When grave persons express their fear that England is relapsing into Paganism, I am tempted to reply, `Would that she were.’ For I do not think it at all likely that we shall ever see Parliament opened by the slaughtering of a garlanded white bull in the House of Lords or Cabinet Ministers leaving sandwiches in Hyde Park as an offering for the Dryads. If such a state of affairs came about, then the Christian apologist would have something to work on. For a Pagan, as history shows, is a man eminently convertible to Christianity. He is essentially the pre-Christian, or sub-Christian, religious man. The post-Christian man of our day differs from him as much as a divorcee differs from a virgin. The Christian and the Pagan have much more in common with one another than either has with the writers of the New Statesman; and those writers would of course agree with me.

— C. S. Lewis, “Is Theism Important?”

Almost the whole of Christian theology could perhaps be deduced from the two facts (a) That men make coarse jokes, and (b) That they feel the dead to be uncanny.

— C. S. Lewis, Miracles

I believe a man is happier, and happy in a richer way, if he has ‘the freeborn mind’. But I doubt whether he can have this without economic independence, which the new society is abolishing. For economic independence allows an education not controlled by Government; and in adult life it is the man who needs, and asks, nothing of Government who can criticise its acts and snap his fingers at its ideology. Read Montaigne; that’s the voice of a man with his legs under his own table, eating the mutton and turnips raised on his own land. Who will talk like that when the State is everyone’s schoolmaster and employer? Admittedly, when man was untamed, such liberty belonged only to the few. I know. Hence the horrible suspicion that our only choice is between societies with few freemen and societies with none.

— C. S. Lewis, “Is Progress Possible?”

Thus the ‘decline of religion’ becomes a very ambiguous phenomenon. One way of putting the truth would be that the religion which has declined was not Christianity. It was a vague Theism with a strong and virile ethical code, which, far from standing over against the ‘World’, was absorbed into the whole fabric of English institutions and sentiment and therefore demanded church-going as (at best) a part of loyalty and good manners or (at worst) a proof of respectability. Hence a social pressure, like the withdrawal of the compulsion, did not create a new situation. The new freedom first allowed accurate observations to be made. When no man goes to church except because he seeks Christ the number of actual believers can at last be discovered. It should be added that this new freedom was partly caused by the very conditions which it revealed. If the various anti-clerical and anti-theistic forces at work in the nineteenth century had had to attack a solid phalanx of radical Christians the story might have been different. But mere ‘religion’ — ‘morality tinged with emotion’, ‘what a man does with his solitude’, ‘the religion of all good men’ — has little power of resistance. It is not good at saying No.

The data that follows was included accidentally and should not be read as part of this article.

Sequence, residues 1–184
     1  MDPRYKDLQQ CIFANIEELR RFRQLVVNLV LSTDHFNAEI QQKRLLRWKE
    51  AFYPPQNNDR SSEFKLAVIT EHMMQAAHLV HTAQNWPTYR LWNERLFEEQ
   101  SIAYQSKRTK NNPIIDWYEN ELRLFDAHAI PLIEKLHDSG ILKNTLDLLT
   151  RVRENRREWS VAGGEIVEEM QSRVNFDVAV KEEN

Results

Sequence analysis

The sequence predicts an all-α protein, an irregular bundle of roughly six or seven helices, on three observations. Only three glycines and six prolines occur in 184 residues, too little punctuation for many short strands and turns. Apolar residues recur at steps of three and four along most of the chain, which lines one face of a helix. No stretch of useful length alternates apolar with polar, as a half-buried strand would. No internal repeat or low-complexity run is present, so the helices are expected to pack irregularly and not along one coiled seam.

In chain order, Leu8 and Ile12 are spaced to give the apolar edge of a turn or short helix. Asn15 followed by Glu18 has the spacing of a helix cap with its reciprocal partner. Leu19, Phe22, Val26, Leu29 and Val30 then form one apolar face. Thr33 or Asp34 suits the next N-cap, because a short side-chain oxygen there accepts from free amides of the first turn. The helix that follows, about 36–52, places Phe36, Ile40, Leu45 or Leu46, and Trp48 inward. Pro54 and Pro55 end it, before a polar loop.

The decline of ‘religion’, thus understood, seems to me in some ways a blessing. At the very worst it makes the issue clear. To the modern undergraduate Christianity is, at least, one of the intellectual options. It is, so to speak, on the agenda: it can be discussed, and a conversion may follow. I can remember times when this was much more difficult. ‘Religion’ (as distinct from Christianity) was too vague to be discussed (‘too sacred to be lightly mentioned’) and so mixed up with sentiment and good form as to be one of the embarrassing subjects. If it had to be spoken of, it was spoken of in a hushed, medical voice. Something of the shame of the Cross is, and ought to be, irremovable. But the merely social and sentimental embarrassment is gone. The fog of ‘religion’ has lifted.

— C. S. Lewis, “The Decline of Religion” (in God in the Dock)

But it is also important to recognize how much the themes of the Narnia books are interwoven with what he was thinking and writing in other contexts around the same time, and with material he had already published in the 1940s — as well as the fact that the first seeds of the actual Narnia narrative seem to have been sown as early as 1939. For example: his 1946 book, The Great Divorce, foreshadows many of the ideas in the Narnia stories — most particularly a theme that Lewis insists on more and more as his work develops, the impossibility of forcing any person to accept love and the monumental and excruciating difficulty of receiving love when you are wedded to a certain picture of yourself. It is this theme that emerges most clearly in his last (and greatest) imaginative work, the 1956 novel, Till We Have Faces. The issues we shall be looking at in the following pages are very much the issues that Lewis is trying to work out in a variety of imaginative idioms from the early 1940s onwards — the problems of self-deception above all, the lure of self-dramatizing, the pain and challenge of encounter with divine truthfulness. What Narnia seeks to do, very ambitiously, is to translate these into terms that children can understand. And as to why Lewis decided to address such an audience, there is probably no very decisive answer except that he had a high view of children’s literature, a passion for myth and fantasy and a plain desire to communicate as widely as possible.